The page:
2.Collecting information
3.Reading for writing
4.Planning and organizing
5.Getting feedback (peer review)
6.Revising
7.Editing and proofreading
H.Practice composing organized, developed, analytical essays that increase in complexity.
1.Beginning with assignments that are more concrete (summaries, narratives, short analysis papers, letters to the editor)
2.Moving towards more complex writing tasks that require abstract or analytical thinking (argumentative and analytical essays)
I.Demonstrate proofreading for recurrent usage and sentence-level errors.
1.Practicing different proofreading techniques
2.Identifying, with the instructor's guidance, frequent errors and ways to correct them

VI. Assignments

A.At least five essays in an instructor-designed sequence
B.At least three of the essay assignments based on the reading of appropriate texts with basic quotation and in-text citation included and requiring basic analytical skills
C.Of these five essays, at least two short essays written under teacher supervision in the classroom.
D.The final must be the portfolio, which consists of: the reflective essay, an in-class essay that has not been revised, and an analytical essay that can be revised.

VII. Methods of Instruction

 Lecture and visual aids
Discussion of assigned reading
In-class essays
In-class exploration of Internet sites
Quiz and examination review performed in class
Homework and extended projects
Collaborative learning and small group exercises
Collaborative projects

VIII. Methods of Evaluating Objectives

A.Assessment of student incorporation of instructor feedback in revisions of current essay and application of revision strategies to subsequent assignments.
B.Homework, quizzes, journals, assigned postings to class websites and other means of evaluating student responses to class topics and readings.
C.Presentations, Group Work, Class Discussions and other activities designed to assess students participation in the class and with other students.
D.Assessment of student writing in the three essays submitted in the final portfolio, which serves as the class final and is evaluated according to the current Portfolio Guidelines approved by the English Department and available from the Portfolio Coordinator.

IX. Texts and Supporting References

A.Examples of Primary Texts and References
1.Atwan, Robert. "America Now", 7th ed. Boston: Bedford St. Martin's Press, 2007.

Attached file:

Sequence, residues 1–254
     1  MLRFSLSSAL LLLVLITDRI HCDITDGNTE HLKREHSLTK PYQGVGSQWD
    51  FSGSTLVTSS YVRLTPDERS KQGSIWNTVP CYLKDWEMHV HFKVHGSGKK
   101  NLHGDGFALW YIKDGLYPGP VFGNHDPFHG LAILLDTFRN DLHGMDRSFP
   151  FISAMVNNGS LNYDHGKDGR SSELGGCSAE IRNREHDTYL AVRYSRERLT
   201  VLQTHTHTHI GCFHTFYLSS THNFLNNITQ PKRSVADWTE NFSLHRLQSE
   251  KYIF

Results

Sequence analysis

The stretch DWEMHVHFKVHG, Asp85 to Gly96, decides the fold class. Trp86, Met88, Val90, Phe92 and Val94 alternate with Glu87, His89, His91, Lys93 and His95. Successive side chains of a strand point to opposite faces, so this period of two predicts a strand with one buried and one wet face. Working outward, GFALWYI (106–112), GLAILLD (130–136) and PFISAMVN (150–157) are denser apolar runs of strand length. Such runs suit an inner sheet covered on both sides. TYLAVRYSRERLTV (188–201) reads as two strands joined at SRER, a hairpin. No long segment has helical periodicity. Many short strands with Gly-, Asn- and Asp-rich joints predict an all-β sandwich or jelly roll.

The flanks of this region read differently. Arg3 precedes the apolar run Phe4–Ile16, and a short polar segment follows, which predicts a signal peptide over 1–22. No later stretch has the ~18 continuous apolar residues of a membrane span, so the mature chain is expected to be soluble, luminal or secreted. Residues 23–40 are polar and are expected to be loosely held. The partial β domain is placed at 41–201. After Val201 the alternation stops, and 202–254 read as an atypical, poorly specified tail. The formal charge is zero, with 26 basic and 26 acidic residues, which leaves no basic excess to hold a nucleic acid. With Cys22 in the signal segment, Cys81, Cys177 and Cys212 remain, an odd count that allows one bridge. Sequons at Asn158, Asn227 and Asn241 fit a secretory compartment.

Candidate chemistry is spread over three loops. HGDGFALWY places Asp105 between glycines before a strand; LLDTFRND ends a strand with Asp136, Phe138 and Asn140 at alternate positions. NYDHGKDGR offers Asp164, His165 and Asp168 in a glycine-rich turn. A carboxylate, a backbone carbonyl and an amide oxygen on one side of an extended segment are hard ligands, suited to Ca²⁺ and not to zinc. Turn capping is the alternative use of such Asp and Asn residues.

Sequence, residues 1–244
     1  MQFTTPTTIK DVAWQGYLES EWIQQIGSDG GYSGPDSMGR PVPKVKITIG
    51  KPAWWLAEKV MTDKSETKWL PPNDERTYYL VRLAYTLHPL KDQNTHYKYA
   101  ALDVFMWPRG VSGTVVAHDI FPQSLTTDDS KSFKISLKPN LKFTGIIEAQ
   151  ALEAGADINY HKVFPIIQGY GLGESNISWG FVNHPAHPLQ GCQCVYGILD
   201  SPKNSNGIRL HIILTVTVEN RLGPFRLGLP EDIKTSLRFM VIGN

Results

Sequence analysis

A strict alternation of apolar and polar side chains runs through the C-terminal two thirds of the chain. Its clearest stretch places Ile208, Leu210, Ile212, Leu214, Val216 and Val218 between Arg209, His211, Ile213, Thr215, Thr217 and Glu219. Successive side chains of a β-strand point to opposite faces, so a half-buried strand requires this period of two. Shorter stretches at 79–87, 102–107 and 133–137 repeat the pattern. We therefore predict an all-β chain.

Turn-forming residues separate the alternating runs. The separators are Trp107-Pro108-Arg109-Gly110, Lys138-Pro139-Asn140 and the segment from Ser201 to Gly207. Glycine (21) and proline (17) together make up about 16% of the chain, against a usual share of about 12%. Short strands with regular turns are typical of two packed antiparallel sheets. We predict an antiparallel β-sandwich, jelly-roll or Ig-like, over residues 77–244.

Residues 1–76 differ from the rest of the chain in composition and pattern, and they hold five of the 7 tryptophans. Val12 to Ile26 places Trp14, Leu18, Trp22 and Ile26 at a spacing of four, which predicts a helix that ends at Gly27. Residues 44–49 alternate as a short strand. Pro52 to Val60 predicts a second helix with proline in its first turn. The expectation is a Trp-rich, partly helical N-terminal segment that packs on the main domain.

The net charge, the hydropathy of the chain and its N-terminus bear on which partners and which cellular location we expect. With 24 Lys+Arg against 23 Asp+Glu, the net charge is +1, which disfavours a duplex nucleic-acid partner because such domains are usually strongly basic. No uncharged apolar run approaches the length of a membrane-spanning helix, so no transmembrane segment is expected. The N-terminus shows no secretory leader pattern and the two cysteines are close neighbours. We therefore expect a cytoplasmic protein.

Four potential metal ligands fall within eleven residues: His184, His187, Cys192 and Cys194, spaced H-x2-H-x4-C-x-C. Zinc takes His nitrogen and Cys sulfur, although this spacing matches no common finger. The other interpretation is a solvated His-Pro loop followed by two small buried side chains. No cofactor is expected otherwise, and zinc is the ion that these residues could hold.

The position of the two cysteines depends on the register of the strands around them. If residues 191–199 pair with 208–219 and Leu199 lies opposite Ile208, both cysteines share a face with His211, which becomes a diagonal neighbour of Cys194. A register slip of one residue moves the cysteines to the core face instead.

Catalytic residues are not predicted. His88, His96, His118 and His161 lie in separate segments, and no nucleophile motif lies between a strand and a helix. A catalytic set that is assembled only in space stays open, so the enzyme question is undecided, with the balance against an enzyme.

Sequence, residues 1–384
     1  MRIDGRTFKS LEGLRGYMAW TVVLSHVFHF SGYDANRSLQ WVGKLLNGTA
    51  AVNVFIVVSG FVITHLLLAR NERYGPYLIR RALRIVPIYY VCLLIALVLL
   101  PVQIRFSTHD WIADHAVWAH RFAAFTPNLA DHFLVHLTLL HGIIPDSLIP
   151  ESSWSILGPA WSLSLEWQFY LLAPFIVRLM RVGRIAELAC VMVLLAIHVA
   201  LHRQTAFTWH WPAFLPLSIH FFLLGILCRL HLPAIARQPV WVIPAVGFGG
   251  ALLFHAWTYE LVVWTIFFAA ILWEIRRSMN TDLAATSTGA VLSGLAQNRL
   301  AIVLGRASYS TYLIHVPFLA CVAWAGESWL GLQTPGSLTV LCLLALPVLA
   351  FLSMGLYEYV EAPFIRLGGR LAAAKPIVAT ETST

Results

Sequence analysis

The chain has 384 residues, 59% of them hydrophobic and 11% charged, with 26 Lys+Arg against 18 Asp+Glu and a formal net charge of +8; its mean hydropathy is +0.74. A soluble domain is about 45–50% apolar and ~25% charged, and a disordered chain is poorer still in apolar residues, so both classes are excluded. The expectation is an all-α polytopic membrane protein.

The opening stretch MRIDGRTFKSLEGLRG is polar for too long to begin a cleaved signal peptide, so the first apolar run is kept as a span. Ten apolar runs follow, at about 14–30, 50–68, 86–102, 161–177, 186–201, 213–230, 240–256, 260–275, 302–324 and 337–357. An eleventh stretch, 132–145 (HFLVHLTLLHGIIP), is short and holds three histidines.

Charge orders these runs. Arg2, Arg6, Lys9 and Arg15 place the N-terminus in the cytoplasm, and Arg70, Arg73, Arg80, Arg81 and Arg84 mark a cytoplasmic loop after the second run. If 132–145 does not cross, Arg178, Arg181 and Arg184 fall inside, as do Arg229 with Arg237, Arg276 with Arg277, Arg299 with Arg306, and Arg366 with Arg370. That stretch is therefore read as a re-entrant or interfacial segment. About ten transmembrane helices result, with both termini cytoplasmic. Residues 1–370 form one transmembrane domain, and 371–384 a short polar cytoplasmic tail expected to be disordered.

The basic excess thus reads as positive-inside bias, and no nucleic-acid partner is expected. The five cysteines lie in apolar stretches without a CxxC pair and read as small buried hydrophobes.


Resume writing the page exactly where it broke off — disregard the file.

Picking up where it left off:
2.Divakaruni, Chitra Banerjee. "Multitude", 2nd ed. McGraw-Hill, 1997.
3.Birkenstein, Cathy & Gerald Graff. They Say, I Say: The Moves That Matter in Academic Writing. New York: W.W. Norton & Company, 2009. Print.
4.Gillespie, Sheena and Robert Singleton, Eds. "Across Cultures", 5th ed. Longman Publishers, 2001.
5.Goshgarian, Gary. "The Contemporary Reader", 7th ed. Longman Publishers, 2002.
B.Examples of Supporting Texts and References
1.The Easy Writer by Andrea Lunsford 5th edition (or most current)
2.A college level dictionary such as "Webster's New Collegiate Dictionary." 11th Edition. Springfield, MA: G. & C. Merriam CO., 2002
3."Capital Community College Guide to Grammar and Writing" - http://ccc.commnet.edu/grammar/
4."De Anza's Online Writing Center" - http://faculty.deanza.fhda.edu/writingcenter/
5."Purdue's On-line Writing Lab" - http://owl.english.purdue.edu
6."Assignment Design and Writing Across the Curriculum" -
http://staff.jccc.net/pmcqueen/Teaching/teaching_with_writing.htm
7."Articles on Portfolios and Assessment" -
http://www.indiana.edu/~wts/cwp/lib/apbib.html
8."Conference of Basic Writing e-Journal" - http://www.asu.edu/clas/english/composition/cbw/journal_1.htm
9."Center for Research on Developmental Education and Urban Literacy" - http://www.gen.umn.edu/research/crdeul/
10."De Anza's Developmental Taskforce" -
http://faculty.deanza.fhda.edu/taskforce/
11."National Association for Developmental Education" -
http://www.nade.net/
12."Teaching Expository Writing: An Online Guide" -
http://www.gslis.utexas.edu/~vlibrary/edres/pathfinders/pinard/bib.htm